Saudi labor minister heads delegation at ILC in Geneva

Ahmad Al-Rajhi. (SPA)
Updated 09 June 2019
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Saudi labor minister heads delegation at ILC in Geneva

  • Saudi delegation will meet with representatives of other member states and participate in meetings of Gulf Cooperation Council, Asia Pacific and G20 countries

RIYADH: Saudi Arabia’s minister of labor and social development, Ahmad Al-Rajhi, will head the Kingdom’s delegation at a major international gathering in Geneva later this month.
Government, business and worker representatives will be among the Saudi party attending the 108th session of the International Labor Conference (ILC) taking place in the Swiss city from June 10 to 21.
The session will celebrate the centenary of the International Labor Organization (ILO), with the participation of leaders of the UN agency’s 187 member states.
Items for discussion will include the reports of the ILO’s president of the governing council, and its director-general, which will take in a global outlook on the future of labor.
The conference will review the ILO’s programs and budget for approval. It will also study a report on governments’ implementation of labor conventions, and surveys on global social protection, social justice and sustainable development.
The drafting and adoption of the ILO’s declaration for the centenary will be discussed along with other topics and events related to the jobs market, including efforts to end workplace violence and harassment.
On the sidelines of the conference, the Kingdom’s delegation will meet with representatives of other member states and participate in meetings of Gulf Cooperation Council, Asia Pacific and G20 countries.


Saudi Energy Minister calls for collective effort to secure shipping lanes

Updated 5 min 28 sec ago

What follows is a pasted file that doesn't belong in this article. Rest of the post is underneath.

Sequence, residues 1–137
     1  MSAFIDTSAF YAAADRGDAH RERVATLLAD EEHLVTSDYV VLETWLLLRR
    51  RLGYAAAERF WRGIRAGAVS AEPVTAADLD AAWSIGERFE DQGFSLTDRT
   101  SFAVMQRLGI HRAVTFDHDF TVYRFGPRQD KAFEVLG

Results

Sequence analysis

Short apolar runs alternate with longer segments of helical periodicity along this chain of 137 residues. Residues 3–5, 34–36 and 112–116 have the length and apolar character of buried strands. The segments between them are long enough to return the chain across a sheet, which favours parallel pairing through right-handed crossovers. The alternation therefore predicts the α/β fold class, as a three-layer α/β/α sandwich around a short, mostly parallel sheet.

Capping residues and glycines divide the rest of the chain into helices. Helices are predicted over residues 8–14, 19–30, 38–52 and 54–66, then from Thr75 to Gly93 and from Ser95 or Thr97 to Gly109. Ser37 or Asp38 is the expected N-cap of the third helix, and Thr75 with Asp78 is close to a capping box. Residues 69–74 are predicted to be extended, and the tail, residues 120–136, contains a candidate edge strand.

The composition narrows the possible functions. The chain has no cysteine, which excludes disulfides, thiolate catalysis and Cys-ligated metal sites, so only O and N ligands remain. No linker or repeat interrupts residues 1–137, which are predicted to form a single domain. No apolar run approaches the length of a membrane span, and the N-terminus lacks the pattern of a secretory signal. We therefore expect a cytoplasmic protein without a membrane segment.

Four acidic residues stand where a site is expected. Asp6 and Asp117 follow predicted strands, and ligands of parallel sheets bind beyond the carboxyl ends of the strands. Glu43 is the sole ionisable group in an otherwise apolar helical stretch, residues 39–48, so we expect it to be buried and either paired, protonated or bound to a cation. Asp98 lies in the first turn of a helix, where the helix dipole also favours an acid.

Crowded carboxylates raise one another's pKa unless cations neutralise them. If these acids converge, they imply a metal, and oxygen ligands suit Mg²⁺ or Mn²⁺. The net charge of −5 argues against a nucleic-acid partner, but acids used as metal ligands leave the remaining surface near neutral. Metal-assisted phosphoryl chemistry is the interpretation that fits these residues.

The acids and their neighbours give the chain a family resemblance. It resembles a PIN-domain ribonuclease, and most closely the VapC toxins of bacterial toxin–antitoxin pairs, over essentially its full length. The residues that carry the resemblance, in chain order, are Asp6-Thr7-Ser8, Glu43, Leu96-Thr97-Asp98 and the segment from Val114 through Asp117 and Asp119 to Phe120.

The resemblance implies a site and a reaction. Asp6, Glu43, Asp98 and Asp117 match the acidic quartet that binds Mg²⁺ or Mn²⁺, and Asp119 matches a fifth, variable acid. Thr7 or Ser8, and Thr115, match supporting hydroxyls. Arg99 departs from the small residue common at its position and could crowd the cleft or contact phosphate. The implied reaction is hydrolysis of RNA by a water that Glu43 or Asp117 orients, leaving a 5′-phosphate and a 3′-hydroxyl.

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Saudi Energy Minister calls for collective effort to secure shipping lanes

  • Khalid Al-Falih: Saudi Arabia will do best to ensure the safety of shipping lanes
  • He expects OPEC members and other oil producers to meet soon to discuss an extension to oil supply cuts

TOKYO: Saudi Arabian Energy Minister Khalid Al-Falih said on Monday that countries need to cooperate on keeping shipping lanes open for oil and other energy supplies after last week’s tanker attacks in the Middle East to ensure stable supplies.

While he did not outline any concrete steps after the attacks that damaged two tankers on June 13, Falih said the kingdom would do everything necessary to ensure safe passage of energy from Saudi Arabia and its allies in the region.

“We’ll protect our own infrastructure, our own territories and we are doing that despite the attempts to target some of our facilities,” Falih told reporters in Tokyo.

“But sea lanes of global trade need to be protected collectively by other powers as well. We believe that’s happening, but we need to make sure the rest of the world pays attention,” he said after a Japan-Saudi investment conference.

Falih expects the Organization of the Petroleum Exporting Countries (OPEC) and other producers including Russia to meet the week after the G20 summit to be held in Osaka on June 28-29, to discuss an extension of a supply output cut agreement.

OPEC and other producers, an alliance known as OPEC+, have a deal to cut output by 1.2 million barrels per day (bpd) from Jan. 1. The pact ends this month and the group meets in coming weeks to decide their next move.

Falih said that OPEC was moving was toward a consensus on extending the agreement.

He said earlier this month that OPEC was close to agreeing to extend a pact on cutting oil supplies beyond June, although more talks were still needed with non-OPEC countries.

When asked if Russia is going to agree to continue the cuts, Falih said “absolutely.”

“We are maintaining the proper levels of supply that we have been having to bring inventory levels to where they belong. I hope that will continue in the second half with the assurances I have received from all the OPEC+ countries,” he said.

There was full commitment to put in place “a long term framework between the OPEC+ coalition to ensure that we work together” from next year, he said.

Oil demand growth has held up despite trade disputes roiling global markets, Falih said, adding he expects worldwide demand to be above 100 million barrels per day this year.

“We are not seeing a slowdown from either China, the US, India or other developed economies,” Falih said.

“The impact has been more on the sentiment side and fear, rather than actual impact,” he said.